Solo Serve Corporation

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Solo Serve Corporation

1610 Cornerway Blvd.
San Antonio, Texas 78219
(210) 662-6262
Fax: (210) 662-0938

Private Company
: 1919 as Solo Serve Company
Employees : 1,000
Sales : $82 million (1998 est.)
NAIC : 45211 Department Stores

Solo Serve Corporation is a Texas-based chain of off-priced or discount retail stores offering a wide array of name-brand and other merchandise at prices substantially less than those found at department stores such as J.C.Penneys and Sears or specialty clothing stores. The companys stores are located throughout Texas and Louisiana, and sell such items as clothing for men, women, and children, fragrances and perfumes, hosiery, shoes and, in certain stores, a range of high-quality home furnishings. Yet over the past two decades, Solo Serve has experienced a host of financial and management difficulties, including filing for bankruptcy in 1994, and a notification by NASDAQ that the company stock could no longer trade on the exchange. Nonetheless, company owner-managers have not given up hope and, far from failure, Solo Save has fought its way out of bankruptcy and is looking forward to a more successful and profitable future.

Early History

Solo Serve Company was founded in 1919 by a group of investors interested in establishing a retail store that would meet the needs of people living in and around San Antonio, Texas. World War I was just ending, and the U.S. government had been encouraging its citizens to be cautious consumers, since many of the essential war materials such as rubber and tin were used by the Armed Forces to conduct operations in Europe. The state of Texas, with many people still living in a manner of the Wild West, did not have access to the clothing and various other kinds of merchandise found in traditional department and specialty retail stores located on the East Coast or Midwestern states. A small group of businessmen decided it would be profitable, as well as meet the needs of many Texans, to open a retail store that sold a full range of merchandise. One of the most important decisions made by the original investment group was that the cost of items sold in the store would be at significantly discounted prices. This decision was made to attract the widest possible range of customers.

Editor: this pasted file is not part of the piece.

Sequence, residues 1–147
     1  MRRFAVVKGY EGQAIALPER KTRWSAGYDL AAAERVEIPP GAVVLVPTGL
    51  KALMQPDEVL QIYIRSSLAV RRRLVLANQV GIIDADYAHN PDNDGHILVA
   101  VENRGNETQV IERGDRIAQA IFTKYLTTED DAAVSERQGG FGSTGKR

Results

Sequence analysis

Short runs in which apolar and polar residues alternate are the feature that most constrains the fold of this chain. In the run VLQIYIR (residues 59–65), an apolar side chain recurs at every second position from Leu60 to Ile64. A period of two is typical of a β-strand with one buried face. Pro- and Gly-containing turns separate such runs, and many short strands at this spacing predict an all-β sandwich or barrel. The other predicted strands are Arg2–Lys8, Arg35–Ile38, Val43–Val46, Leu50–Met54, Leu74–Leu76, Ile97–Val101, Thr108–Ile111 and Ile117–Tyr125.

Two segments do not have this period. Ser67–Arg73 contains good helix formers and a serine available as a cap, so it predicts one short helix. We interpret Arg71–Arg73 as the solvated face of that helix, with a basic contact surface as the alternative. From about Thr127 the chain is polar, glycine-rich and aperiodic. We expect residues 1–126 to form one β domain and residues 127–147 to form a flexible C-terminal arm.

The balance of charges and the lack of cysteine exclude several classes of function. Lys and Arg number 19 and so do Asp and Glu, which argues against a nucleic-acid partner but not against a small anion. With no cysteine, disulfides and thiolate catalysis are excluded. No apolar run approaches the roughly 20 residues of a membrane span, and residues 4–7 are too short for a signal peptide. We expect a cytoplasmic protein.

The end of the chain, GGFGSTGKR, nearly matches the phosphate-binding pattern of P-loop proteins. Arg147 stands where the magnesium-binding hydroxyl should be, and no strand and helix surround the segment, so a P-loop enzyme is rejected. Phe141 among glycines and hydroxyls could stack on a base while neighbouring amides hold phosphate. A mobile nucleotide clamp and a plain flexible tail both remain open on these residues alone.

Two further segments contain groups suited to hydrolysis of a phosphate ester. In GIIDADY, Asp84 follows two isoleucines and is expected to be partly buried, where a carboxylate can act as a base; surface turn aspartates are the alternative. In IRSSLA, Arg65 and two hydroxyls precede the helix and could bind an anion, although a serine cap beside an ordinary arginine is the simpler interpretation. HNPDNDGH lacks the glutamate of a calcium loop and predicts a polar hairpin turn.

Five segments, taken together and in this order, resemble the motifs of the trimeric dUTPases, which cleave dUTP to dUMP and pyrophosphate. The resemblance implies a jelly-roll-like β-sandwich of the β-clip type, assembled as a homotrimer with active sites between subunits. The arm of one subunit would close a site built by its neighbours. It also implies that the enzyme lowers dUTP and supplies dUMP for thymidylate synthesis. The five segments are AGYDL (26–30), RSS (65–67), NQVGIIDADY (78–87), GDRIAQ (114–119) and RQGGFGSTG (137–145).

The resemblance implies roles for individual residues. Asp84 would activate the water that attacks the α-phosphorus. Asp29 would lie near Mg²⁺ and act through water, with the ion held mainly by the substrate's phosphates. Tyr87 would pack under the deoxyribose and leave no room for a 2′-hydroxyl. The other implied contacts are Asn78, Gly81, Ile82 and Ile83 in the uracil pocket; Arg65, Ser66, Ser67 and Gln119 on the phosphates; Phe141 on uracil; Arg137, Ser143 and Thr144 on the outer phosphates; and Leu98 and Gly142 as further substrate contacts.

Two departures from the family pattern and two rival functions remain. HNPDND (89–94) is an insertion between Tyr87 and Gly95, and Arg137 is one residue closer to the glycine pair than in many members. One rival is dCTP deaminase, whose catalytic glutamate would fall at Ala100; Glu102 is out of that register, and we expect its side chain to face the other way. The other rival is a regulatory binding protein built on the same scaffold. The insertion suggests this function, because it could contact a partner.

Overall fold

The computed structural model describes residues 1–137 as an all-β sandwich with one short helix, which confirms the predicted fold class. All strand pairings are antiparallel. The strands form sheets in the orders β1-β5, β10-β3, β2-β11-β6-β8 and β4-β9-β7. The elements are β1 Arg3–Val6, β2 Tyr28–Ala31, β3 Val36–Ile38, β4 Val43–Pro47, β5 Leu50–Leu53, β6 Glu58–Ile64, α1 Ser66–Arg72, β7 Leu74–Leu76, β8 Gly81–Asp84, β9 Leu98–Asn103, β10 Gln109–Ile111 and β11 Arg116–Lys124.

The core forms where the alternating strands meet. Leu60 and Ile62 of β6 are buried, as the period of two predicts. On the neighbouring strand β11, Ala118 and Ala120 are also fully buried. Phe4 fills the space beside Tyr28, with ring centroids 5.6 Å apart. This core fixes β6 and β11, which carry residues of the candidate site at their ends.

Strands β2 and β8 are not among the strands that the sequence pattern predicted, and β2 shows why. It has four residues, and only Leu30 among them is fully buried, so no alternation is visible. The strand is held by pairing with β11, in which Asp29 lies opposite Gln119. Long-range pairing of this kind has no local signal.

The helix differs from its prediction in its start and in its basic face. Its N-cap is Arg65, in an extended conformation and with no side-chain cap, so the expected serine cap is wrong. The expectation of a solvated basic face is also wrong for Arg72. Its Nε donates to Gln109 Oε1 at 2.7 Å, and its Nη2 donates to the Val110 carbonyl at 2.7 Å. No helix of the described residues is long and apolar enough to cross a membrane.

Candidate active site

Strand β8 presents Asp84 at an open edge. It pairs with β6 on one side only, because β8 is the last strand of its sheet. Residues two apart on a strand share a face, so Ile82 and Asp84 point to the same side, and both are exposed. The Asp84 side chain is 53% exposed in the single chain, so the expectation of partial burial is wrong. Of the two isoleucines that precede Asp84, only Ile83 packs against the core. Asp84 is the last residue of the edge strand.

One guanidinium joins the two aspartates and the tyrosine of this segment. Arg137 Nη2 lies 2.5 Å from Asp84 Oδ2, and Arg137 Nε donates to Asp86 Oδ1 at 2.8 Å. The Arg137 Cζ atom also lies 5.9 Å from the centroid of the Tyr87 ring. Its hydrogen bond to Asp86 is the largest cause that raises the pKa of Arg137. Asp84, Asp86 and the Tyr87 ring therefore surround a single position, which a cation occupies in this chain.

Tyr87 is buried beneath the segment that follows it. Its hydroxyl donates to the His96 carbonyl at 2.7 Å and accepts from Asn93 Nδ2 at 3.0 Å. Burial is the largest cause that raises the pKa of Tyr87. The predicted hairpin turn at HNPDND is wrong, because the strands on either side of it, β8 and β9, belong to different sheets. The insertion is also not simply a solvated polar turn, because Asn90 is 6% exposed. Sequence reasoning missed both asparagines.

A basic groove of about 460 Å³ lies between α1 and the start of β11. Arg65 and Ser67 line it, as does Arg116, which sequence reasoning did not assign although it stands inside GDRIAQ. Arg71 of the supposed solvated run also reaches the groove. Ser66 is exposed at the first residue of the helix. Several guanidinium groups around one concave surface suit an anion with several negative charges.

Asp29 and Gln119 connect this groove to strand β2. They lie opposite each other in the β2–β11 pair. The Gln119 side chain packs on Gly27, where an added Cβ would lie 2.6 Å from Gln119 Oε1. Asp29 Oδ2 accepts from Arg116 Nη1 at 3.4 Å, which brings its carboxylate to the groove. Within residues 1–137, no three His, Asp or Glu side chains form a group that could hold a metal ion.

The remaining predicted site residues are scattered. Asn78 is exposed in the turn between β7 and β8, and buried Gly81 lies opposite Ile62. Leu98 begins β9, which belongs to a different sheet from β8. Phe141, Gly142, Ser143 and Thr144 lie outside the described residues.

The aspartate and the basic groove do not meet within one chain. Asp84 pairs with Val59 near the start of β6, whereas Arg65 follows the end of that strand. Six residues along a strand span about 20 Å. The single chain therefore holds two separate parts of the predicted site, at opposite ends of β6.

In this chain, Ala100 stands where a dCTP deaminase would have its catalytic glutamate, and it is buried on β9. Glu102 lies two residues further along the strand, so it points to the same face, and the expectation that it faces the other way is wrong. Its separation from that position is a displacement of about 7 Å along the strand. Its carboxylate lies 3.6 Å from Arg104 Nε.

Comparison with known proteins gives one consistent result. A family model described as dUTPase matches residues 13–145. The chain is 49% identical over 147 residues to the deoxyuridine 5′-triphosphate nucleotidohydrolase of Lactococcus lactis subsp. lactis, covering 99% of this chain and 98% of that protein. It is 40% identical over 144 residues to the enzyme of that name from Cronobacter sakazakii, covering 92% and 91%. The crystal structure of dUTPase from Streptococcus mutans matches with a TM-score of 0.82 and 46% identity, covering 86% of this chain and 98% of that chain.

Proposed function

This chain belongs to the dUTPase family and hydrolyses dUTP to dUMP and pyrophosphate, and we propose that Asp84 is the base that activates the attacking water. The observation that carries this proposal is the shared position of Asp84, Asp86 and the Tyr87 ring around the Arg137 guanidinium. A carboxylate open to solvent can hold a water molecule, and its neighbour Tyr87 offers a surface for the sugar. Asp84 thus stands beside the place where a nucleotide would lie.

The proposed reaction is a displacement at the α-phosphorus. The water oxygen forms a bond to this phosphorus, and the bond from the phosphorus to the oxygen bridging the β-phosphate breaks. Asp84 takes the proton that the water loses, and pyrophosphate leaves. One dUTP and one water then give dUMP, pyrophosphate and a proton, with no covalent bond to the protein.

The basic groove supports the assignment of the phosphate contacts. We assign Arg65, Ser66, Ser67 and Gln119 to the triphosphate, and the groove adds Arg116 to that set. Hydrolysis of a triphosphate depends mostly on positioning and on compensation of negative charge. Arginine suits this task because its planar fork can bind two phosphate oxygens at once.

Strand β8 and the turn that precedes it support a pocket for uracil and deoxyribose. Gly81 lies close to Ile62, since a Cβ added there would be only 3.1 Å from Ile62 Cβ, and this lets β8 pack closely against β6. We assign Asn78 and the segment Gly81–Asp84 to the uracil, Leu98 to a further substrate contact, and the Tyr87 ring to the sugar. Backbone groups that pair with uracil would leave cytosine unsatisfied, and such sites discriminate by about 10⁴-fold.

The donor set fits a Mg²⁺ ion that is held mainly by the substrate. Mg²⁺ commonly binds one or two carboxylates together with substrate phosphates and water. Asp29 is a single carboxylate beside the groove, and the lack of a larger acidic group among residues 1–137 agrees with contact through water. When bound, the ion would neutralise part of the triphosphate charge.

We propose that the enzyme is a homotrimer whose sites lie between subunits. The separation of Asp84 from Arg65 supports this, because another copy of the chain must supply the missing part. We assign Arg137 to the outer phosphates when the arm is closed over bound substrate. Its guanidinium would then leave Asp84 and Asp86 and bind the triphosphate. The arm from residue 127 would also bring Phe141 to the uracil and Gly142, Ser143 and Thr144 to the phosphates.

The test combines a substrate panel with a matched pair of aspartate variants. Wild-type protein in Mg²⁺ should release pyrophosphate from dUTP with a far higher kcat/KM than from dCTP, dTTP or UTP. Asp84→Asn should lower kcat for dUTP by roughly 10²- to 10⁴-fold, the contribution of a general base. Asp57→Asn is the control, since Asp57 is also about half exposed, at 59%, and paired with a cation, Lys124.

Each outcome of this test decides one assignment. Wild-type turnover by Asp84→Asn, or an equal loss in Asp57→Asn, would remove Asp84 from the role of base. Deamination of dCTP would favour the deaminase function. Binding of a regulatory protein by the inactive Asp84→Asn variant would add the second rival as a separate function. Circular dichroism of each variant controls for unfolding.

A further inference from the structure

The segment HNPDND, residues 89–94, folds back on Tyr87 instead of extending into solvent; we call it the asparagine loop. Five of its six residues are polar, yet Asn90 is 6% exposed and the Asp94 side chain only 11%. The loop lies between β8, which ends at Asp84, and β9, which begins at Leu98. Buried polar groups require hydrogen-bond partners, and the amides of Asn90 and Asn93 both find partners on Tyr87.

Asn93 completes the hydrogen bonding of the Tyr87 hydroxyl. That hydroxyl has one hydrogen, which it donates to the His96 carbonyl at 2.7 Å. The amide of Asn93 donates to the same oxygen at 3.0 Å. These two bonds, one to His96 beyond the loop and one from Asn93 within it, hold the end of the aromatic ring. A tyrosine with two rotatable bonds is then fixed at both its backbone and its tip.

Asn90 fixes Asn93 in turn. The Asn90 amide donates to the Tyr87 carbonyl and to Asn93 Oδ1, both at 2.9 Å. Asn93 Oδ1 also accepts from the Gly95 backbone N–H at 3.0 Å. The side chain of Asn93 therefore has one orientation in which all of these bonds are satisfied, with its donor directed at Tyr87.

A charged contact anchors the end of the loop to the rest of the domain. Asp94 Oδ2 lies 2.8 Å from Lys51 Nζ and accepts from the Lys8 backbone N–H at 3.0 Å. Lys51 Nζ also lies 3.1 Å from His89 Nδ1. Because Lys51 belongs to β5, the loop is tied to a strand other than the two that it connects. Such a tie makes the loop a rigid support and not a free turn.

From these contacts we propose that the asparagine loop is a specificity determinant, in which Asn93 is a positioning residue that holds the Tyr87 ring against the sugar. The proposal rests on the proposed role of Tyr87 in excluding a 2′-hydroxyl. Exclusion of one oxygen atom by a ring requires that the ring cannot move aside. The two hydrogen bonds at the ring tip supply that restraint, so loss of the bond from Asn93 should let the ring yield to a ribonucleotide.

The store was a success from the day its doors opened for business. During the 1920s, as the store grew and its customer base expanded, womens clothing, mens clothing, and childrens clothing were the most profitable merchandise sold. The state of Texas at this time in U.S. history was transformed from largely remote rural areas to a burgeoning, bustling conglomeration of modern cities with streetlights, automobiles, and symphony halls. Yet, in spite of the potential for even greater growth, the original investors made a commitment to serving the populace of San Antonio, thus the decision was made to concentrate on providing retail services in a highly localized area.

The store suffered significantly during the Great Depression of the 1930s. After the stock market crash of 1929, many people in Texas lost their jobs, small and big businesses went bankrupt, numerous banks were unable to pay their customers, and the farming and ranching communities, two of the most important components in the states economy, were devastated by foreclosures. Not until Franklin Delano Roosevelts election as president in 1932 was there a ray of hope that the economy might revive. When Roosevelt proclaimed a bank holiday and implemented sweeping reforms throughout the banking industry, and also initiated a government-led strategy to address the debilitating effects of the Depression, people from the state of Texas engaged in a collective sigh of relief. Yet the store was hit hard during these years, and forced not only to release employees from their jobs, but to cut back on the amount of merchandise offered to the public for sale.

World War II and the Prosperity of the Postwar Era